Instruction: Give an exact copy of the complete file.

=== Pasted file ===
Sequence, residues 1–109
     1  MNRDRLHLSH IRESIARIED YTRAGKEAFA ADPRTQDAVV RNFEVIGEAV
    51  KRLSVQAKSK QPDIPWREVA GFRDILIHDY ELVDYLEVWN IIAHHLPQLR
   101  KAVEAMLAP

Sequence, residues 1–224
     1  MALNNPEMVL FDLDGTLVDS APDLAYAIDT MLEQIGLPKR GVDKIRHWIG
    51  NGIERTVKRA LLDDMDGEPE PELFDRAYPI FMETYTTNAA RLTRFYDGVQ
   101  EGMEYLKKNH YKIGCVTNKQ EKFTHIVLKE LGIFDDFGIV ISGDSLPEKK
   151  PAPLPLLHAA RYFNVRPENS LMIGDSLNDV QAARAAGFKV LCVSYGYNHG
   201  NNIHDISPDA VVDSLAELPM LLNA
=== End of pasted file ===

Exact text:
Sequence, residues 1–109
     1  MNRDRLHLSH IRESIARIED YTRAGKEAFA ADPRTQDAVV RNFEVIGEAV
    51  KRLSVQAKSK QPDIPWREVA GFRDILIHDY ELVDYLEVWN IIAHHLPQLR
   101  KAVEAMLAP

Sequence, residues 1–224
     1  MALNNPEMVL FDLDGTLVDS APDLAYAIDT MLEQIGLPKR GVDKIRHWIG
    51  NGIERTVKRA LLDDMDGEPE PELFDRAYPI FMETYTTNAA RLTRFYDGVQ
   101  EGMEYLKKNH YKIGCVTNKQ EKFTHIVLKE LGIFDDFGIV ISGDSLPEKK
   151  PAPLPLLHAA RYFNVRPENS LMIGDSLNDV QAARAAGFKV LCVSYGYNHG
   201  NNIHDISPDA VVDSLAELPM LLNA